• Sustainability: Environmental concerns should drive planning for AI and data centers. Optimizing power consumption, improving the life span of equipment and implementing alternative or innovative energy systems are a few ways data centers can prioritize eco-friendly practices.
  • Redundancies: Newer configuration tactics may reduce the space required for data halls, server racks and other components, altering how data centers deliver redundant services.

Evolving configurations can also affect the criteria developers use for finding data center locations, making elements like proximity and cooling technology more important.

Staffing Supports

Staffing remains one of the biggest challenges for data center operators, with over half of respondents to an Uptime Institute survey citing difficulties finding qualified candidates. AI could ease these challenges by filling in gaps, such as 24/7 monitoring, which is costly when it requires a highly trained employee.

While AI likely won’t replace staff members anytime soon, it could be an incredibly helpful addition. For example, a monitoring AI tool could mitigate human error, flag urgent problems and support round-the-clock insights. The survey also found that over half of respondents would trust operational decisions to an adequately trained machine-learning model.

Challenges for AI and Data Centers

Challenges for AI and Data Centers

Of course, AI isn’t just about adding new technologies where available. It will also lead to challenges for data center operators, particularly in the evolving regulatory and economic landscape.

Regulatory Concerns

Regulations are still developing around AI, and data centers must be prepared. These regulations may vary widely by industry and region, and compliance will be paramount to successfully supporting AI applications. Data center operators must maintain flexibility to adapt to updates.

Regulations might affect areas like testing, infrastructure and definitions of risk. Data centers may also face complications in data storage and intellectual property concerns.

Implementation Delays

AI’s growth is so fast that many data centers can’t keep up with demand. Building facilities, solving space and power constraints and obtaining hard-to-find resources all contribute to delays that slow down the implementation of AI in data centers — and could affect the development of AI technologies.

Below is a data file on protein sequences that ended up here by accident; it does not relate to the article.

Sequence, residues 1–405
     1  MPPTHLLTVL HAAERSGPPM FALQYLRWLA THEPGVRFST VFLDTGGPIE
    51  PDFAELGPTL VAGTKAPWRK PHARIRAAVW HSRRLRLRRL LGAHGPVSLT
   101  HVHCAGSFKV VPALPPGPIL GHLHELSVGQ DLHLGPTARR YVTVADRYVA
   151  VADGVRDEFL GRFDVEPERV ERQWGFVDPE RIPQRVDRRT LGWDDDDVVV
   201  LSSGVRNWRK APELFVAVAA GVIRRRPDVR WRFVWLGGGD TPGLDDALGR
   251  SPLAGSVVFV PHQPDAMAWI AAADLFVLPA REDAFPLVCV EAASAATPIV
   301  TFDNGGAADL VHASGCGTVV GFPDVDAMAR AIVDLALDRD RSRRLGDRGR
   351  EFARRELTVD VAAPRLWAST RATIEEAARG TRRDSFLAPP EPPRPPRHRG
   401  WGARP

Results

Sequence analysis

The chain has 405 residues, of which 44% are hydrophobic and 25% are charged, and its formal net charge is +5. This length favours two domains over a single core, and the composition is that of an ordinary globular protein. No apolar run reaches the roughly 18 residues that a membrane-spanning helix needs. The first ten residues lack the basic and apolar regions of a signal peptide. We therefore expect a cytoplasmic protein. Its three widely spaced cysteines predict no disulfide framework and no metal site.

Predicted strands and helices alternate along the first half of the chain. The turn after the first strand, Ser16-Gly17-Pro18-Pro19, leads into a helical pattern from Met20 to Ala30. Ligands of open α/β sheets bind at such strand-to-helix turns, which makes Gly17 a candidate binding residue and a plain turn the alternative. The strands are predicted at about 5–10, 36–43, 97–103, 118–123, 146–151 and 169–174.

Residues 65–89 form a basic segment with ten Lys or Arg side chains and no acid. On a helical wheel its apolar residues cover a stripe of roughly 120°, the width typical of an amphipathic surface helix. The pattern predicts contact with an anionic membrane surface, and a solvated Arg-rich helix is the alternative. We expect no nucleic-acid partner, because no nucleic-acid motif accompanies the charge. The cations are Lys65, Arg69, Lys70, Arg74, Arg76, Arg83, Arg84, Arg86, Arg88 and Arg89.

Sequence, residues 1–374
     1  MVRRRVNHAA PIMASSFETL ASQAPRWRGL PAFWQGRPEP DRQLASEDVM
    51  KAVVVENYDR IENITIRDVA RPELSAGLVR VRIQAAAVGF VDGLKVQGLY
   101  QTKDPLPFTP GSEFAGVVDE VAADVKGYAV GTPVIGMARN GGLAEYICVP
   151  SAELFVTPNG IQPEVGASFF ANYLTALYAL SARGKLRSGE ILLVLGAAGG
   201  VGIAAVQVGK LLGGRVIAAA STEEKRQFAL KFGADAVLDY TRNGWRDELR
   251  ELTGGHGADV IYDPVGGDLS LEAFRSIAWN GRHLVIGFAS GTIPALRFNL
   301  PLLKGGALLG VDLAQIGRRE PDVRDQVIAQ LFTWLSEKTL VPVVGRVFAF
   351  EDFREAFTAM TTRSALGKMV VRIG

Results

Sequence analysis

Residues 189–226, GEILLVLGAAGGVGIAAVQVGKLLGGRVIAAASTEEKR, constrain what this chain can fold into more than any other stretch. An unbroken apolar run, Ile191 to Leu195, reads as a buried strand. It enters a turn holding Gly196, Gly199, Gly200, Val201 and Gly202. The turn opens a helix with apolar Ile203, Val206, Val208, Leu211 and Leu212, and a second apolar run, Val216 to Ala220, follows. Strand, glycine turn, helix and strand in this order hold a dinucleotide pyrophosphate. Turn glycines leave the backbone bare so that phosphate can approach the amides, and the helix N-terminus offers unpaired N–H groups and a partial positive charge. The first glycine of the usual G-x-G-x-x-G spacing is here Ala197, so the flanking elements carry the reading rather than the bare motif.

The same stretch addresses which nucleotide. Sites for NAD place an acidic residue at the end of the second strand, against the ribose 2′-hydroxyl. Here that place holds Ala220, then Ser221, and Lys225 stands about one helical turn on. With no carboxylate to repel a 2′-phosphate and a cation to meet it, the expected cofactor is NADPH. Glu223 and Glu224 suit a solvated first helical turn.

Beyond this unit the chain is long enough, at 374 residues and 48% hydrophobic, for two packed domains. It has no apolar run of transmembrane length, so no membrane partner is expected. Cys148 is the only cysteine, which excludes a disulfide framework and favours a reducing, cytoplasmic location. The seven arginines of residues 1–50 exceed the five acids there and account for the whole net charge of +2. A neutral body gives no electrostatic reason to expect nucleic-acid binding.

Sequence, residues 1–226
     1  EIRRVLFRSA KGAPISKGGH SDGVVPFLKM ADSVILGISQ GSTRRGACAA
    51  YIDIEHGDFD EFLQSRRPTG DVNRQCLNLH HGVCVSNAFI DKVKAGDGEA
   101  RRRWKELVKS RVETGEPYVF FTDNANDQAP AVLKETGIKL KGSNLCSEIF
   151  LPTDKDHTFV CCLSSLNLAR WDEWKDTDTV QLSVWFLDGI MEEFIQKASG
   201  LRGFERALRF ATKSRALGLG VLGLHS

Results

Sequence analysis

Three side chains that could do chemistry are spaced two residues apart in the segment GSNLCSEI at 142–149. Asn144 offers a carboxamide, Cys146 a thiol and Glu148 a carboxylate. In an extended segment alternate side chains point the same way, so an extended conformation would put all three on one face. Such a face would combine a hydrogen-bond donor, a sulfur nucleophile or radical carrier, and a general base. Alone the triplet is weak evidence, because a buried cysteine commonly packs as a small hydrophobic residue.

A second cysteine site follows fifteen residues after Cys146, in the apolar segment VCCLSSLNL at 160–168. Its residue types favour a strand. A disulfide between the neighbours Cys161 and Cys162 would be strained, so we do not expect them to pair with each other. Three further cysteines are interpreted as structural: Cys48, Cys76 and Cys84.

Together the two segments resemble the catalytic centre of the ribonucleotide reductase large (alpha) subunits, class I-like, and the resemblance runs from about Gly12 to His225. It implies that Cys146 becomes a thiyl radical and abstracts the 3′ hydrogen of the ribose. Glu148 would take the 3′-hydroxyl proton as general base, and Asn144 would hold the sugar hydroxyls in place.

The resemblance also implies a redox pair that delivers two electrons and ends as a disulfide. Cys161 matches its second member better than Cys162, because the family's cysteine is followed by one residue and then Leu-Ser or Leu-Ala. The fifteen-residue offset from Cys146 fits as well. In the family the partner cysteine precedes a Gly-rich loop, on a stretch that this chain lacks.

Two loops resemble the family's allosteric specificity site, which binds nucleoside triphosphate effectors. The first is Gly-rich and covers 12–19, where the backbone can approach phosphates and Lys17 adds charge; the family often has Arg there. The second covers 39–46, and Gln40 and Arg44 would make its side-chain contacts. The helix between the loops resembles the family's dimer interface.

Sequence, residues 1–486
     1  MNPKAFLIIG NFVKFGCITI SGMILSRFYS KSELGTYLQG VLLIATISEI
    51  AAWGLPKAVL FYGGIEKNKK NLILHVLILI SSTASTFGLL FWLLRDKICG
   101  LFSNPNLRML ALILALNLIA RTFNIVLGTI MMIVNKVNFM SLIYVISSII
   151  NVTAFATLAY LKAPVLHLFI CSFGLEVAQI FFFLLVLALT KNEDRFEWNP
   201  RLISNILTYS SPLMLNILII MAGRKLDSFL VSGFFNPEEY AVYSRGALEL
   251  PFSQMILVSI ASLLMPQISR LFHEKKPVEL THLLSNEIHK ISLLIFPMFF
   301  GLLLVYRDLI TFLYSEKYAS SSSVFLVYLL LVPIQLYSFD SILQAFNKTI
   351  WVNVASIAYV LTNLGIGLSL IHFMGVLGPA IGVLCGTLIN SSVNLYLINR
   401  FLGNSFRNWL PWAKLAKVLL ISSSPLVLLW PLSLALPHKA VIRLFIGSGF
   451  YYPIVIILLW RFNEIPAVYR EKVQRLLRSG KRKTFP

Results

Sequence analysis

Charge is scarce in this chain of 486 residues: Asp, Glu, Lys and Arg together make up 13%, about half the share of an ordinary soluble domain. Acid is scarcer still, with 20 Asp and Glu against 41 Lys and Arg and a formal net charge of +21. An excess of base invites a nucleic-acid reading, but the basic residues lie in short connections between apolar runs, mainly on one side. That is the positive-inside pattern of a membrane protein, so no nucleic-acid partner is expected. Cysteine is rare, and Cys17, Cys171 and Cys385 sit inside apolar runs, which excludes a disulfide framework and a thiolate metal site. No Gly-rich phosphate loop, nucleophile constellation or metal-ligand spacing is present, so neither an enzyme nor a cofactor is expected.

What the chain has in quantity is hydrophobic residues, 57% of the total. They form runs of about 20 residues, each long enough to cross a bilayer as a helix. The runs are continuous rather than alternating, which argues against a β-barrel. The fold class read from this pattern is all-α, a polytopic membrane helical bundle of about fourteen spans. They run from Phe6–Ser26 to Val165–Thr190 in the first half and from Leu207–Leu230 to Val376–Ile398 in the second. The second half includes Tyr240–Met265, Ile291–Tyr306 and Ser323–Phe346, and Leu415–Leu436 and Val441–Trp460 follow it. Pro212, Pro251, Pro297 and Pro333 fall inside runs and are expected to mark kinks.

While data center operators may have more control over the problem-solving processes, supply chain challenges introduce issues that are harder to address. For example, many data center operators meet AI demands with high-performance computing (HPC) clusters, which use graphics processing units (GPUs). GPU shortages have increased the difficulty of installing efficient HPCs. Long lead times for other technologies can also contribute.

Another concern comes from the power demands of AI, which can be multitudes higher than traditional workloads. Improved efficiency and alternative power generation options can be valuable in limiting constraints from and dependency on power grids.

Accommodating these delays may call for creative, unique solutions to address the goals and needs of each facility.

Prepare for the Future of AI and Data Centers

Prepare for the Future of AI and Data Centers

Although the industry faces many unknowns, AI will certainly change the landscape of data center operations. Adapting to these demands will be challenging but highly rewarding and necessary for continued success.

At DataSpan, we stay on the pulse of artificial intelligence and data centers. We’ve been around for 50 years and are familiar with adapting to new technologies. Our end-to-end data center services include comprehensive support with expert consulting, industry-leading equipment and a wide range of power and cooling solutions. Reach out to an expert today to learn more about how we can help you prepare for the complex impact of AI on data centers.